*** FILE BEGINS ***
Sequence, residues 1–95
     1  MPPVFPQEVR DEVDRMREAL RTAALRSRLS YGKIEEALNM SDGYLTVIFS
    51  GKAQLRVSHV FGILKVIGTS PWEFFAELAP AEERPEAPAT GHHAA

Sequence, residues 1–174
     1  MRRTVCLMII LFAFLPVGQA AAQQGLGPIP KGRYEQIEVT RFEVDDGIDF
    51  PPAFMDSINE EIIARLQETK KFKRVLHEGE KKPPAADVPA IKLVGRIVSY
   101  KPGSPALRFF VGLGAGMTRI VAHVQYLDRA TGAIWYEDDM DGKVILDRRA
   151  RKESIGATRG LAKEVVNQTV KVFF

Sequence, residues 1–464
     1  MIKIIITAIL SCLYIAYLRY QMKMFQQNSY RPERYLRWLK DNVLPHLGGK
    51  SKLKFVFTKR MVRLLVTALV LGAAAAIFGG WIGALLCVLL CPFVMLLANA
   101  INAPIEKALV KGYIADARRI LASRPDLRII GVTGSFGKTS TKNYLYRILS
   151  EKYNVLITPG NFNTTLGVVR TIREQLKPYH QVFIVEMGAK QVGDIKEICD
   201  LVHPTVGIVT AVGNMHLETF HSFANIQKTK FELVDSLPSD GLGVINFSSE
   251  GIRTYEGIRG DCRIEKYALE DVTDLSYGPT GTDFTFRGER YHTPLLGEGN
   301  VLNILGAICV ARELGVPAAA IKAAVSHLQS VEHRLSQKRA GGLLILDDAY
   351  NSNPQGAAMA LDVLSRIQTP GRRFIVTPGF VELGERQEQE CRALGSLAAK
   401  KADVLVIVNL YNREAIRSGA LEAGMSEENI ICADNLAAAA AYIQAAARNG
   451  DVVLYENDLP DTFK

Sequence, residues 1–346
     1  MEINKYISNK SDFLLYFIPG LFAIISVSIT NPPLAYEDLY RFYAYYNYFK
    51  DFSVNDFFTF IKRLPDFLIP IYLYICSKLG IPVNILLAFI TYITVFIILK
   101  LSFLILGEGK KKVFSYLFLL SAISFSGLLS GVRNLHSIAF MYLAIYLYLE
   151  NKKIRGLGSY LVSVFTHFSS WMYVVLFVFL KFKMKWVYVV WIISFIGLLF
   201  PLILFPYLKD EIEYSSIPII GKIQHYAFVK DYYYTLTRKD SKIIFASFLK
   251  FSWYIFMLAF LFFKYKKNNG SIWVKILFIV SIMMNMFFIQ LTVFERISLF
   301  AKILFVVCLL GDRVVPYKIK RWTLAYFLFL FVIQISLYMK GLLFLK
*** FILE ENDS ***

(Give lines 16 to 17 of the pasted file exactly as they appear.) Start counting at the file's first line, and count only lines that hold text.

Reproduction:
   301  VLNILGAICV ARELGVPAAA IKAAVSHLQS VEHRLSQKRA GGLLILDDAY
   351  NSNPQGAAMA LDVLSRIQTP GRRFIVTPGF VELGERQEQE CRALGSLAAK